For the second consecutive year there is a healthy debate regarding the American League MVP race. For the second consecutive season the debate involves a Detroit Tiger.
Last year, we debated whether a pitcher (Justin Verlander) was worthy of winning the honor, despite pitching every fifth game. In the end, voters realized just how valuable Verlander was and voted him MVP.
This year, we are debating whose stats are more valuable between Detroit’s Miguel Cabrera and L.A.’s Mike Trout, who is a guarantee for Rookie of the Year.
Cabrera just won baseball’s triple crown for the first time in 45 years. He finished the season batting .330 with 44 home runs and 139 RBIs.
Trout was second in the league in hitting at .326. He hit 30 home runs and drove in 83, but he stole 49 bases and scored 129 runs. Defensively, he was a wizard in centerfield.
Because of his ability on the base paths and defensive prowess, many have given him the nod to win the MVP title. Throw in the sabermetric WAR and the MVP is a done deal for many.
But to me, this award is for the “most valuable” and not the best all around player.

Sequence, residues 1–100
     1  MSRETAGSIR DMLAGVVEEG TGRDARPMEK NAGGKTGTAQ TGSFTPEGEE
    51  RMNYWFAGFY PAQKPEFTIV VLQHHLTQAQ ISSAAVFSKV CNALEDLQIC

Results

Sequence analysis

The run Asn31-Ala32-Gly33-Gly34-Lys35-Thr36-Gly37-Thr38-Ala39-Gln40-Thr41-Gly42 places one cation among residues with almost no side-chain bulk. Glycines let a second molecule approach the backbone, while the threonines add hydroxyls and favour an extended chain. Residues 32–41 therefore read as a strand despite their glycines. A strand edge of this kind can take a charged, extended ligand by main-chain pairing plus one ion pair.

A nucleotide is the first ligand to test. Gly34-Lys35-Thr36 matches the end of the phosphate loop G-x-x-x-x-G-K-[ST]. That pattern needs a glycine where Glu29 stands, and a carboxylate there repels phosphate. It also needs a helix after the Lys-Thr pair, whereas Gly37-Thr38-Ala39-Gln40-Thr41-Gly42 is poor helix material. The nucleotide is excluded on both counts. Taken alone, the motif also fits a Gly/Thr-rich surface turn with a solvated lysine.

The Angels were picked to either win the AL West or make the postseason as a wild card this year. That was before Trout was on the roster (did make his debut until lat April). Well, the Angels missed the playoffs… with Trout.
While many attribute the Angels turnaround following a poor April to Trout, I think that also coincides with the improved play of Albert Pujols, who started horribly after switching leagues.
The Tigers were picked to win the AL Central, considered the worst of all the divisions. They did, just barely. Now imagine taking away the contributions of Cabrera and tell me where the Tigers would have finished?
This MVP race is being labeled the “old” sportswriters vs. the “new” sportswriters. The “new” guys being the writers version of Moneyball statistical wizards.
Well, here are some stats that only confirms my belief Cabrera is the American League MVP.
While both teams were in a pennant race, it was Cabrera that carried his team.
Cabrera batted .357 in Aug. and .330 in Sept./Oct. His OPS in Aug. was 1.092 and in Sept./Oct 1.083. In the final two months, Trout batted .284 and .283. His OPS was .866 and .897.
Trout’s batting average, while still stellar, dropped from .341 to .311 from first to second half. Cabrera’s increased from .324 to .336.
In the crunch late in the game (innings 7-9), Cabrera hit .326 with 16 home runs, 41 RBIs, 56 hits and had an OPS of 1.060. Trout hit .259 with eight home runs, 18 RBIs, 37 hits and an OPS of .840.
Trout has had an incredible year. There is no denying that. That is usually the case for those in the MVP conversation.
But when it’s all said and done, Cabrera was just more valuable to his team.
The ballots are in and the announcement will come in mid-November. The name announced should be Miguel Cabrera.